You don't have Macromedia Flash Player installed.
This content requires the Macromedia Flash Player.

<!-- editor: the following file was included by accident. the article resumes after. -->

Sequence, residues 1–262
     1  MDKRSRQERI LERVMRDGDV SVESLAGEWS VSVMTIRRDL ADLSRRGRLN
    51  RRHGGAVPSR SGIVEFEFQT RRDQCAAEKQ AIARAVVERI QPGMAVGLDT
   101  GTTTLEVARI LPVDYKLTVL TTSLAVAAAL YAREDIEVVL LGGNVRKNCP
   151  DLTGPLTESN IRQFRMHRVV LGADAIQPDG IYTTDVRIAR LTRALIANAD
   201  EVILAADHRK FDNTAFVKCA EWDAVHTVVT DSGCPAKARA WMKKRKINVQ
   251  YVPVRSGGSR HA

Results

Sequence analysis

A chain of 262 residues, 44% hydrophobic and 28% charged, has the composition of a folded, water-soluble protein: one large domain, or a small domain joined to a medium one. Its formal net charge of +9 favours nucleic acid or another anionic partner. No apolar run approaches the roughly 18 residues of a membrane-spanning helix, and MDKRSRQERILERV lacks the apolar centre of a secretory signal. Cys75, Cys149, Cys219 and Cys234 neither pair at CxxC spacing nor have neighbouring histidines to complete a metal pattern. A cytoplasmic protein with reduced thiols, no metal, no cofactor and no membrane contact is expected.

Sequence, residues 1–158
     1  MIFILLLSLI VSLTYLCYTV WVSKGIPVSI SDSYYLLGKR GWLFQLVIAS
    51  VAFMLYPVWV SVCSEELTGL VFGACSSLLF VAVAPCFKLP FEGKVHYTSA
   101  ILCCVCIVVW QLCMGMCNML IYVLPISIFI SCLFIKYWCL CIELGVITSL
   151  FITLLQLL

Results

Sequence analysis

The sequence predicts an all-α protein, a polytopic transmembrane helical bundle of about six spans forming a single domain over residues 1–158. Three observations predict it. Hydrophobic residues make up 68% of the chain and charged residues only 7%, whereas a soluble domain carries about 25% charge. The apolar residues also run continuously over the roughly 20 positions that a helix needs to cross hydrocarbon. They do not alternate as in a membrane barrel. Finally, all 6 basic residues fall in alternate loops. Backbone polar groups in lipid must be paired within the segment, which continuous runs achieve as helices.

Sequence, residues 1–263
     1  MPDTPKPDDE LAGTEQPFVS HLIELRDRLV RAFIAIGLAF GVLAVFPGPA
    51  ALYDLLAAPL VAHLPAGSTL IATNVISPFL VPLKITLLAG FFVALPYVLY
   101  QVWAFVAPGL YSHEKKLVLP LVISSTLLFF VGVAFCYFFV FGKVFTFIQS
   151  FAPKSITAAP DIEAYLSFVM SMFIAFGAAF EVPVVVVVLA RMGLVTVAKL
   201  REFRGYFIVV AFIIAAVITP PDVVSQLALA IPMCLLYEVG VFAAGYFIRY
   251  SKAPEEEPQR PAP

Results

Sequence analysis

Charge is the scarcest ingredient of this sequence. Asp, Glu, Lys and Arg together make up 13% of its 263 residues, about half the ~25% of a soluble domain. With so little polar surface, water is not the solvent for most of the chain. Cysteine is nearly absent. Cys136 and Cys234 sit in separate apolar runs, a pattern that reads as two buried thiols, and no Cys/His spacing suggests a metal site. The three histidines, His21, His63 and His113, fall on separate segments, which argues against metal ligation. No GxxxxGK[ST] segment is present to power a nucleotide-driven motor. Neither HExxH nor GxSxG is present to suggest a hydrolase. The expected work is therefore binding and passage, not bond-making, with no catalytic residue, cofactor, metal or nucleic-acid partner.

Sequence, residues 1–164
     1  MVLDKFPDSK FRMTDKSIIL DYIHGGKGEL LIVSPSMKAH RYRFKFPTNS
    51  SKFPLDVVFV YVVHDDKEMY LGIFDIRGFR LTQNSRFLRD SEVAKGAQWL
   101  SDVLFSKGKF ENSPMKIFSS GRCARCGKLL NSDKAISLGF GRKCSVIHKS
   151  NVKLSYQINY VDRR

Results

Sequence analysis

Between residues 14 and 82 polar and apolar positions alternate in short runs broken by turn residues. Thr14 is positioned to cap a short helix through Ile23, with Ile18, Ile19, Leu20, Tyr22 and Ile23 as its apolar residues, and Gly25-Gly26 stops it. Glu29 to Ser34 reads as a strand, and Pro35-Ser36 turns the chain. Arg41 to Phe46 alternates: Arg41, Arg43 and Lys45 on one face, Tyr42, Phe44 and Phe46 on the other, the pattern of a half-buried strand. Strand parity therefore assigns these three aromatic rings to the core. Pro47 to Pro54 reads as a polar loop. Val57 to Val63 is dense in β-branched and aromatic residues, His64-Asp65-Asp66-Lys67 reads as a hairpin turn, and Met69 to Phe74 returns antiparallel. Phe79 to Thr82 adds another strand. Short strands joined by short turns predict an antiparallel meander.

Looking Offshore Increased Operations and Hurricanes have Refocused Congressional Attention on The Outer Continental Shelf By Jonathan K. Waldron and Charles T. Blocksidge It has been over a year since the devastating effects of hurricanes Katrina and Rita occurred in the Gulf of Mexico. Since that time, it has become clear that there are insufficient U.S. workers and vessels available to work on the Outer Continental Shelf ("OCS") to complete the necessary repair efforts and to continue the needed oil and gas development offshore. As a result, foreign workers and vessels continue to receive exemptions from the citizenship manning requirements mandated by the Outer Continental Shelf Lands Act ("OCSLA") and its amendments. This increased activity, coupled with the ever increasing focus on security, has led to increased attention from lawmakers. Specifically, as discussed below, one piece of legislation would extend the immigration laws to the OCS ultimately requiring foreign workers to obtain temporary employment-related H-2B visas. The second, recently enacted, will establish Notice of Arrival ("NOA") requirements for foreign vessels working on the OCS. conduct operations on the OCS generally fall into the following two categories: (1) ownership of a foreign-flag OCS unit is 50 % or more foreign or foreign citizens have the right to effectively control a U.S.-flag OCS unit (i.e. through a bareboat charter agreement), or (2) that certain foreign citizens may be used aboard an OCS unit because they are not considered "members of the regular complement of a unit." Procedurally, requests are made to the U.S. Coast Guard for approval of an exemption. The Coast Guard then issues a determination letter approving an exemption to use foreign nationals to At Hercules Offshore, we are creating an exciting platform for growth. Y Extension of Immigration Laws to the OCS Section 29 of H.R. 4761, the Deep Ocean Energy Resources Act of 2006, passed by the House on June 29, 2006, would amend the OCSLA by making regulations implemented pursuant to vessel and platform manning requirements of the OCSLA generally complementary with the extension of the Constitution and laws of the United States to the OCS, except for certain individuals with extraordinary ability. This provision apparently is intended to overrule a 1996 federal appellate court decision and apply the immigration laws of the United States to the OCS. ou have the opportunity to become part of our team. Join our Liftboat division, which is one of the largest in the world or our Drilling division which continues to expand globally. Hercules Offshore offers career opportunities in our domestic and international Drilling division for all levels of positions. Our Liftboat Division is also seeking experienced, licensed Mates and Captains, as well as AB, Engineers, O/S, and Deckhands. Our company is focused on safety as well as operational and technical excellence. Hercules Offshore offers competitive salaries and benefits. If you are interested in a position with Hercules Offshore, you can contact Liftboat.firstname.lastname@example.org us at our Liftboat Division. Liftboat Division 151 South Park, 3rd Floor Lafayette, LA 70508 Phone: 337-560-8000 Fax: 337-560-8030 An equal opportunity employer Background and Exemption Process OCS Through a 1978 amendment to the OCSLA, Congress explicitly established a manning regime for vessels and platforms used to support OCS activities. Specifically, vessels and platforms ("OCS units") conducting operations on the OCS, must be manned or crewed by citizens of the United States or aliens lawfully admitted to the United States for permanent residence (i.e. green card holders) unless they qualify for an exemption. OCS units seeking an exemption to November, 2006 · MarineNews · 35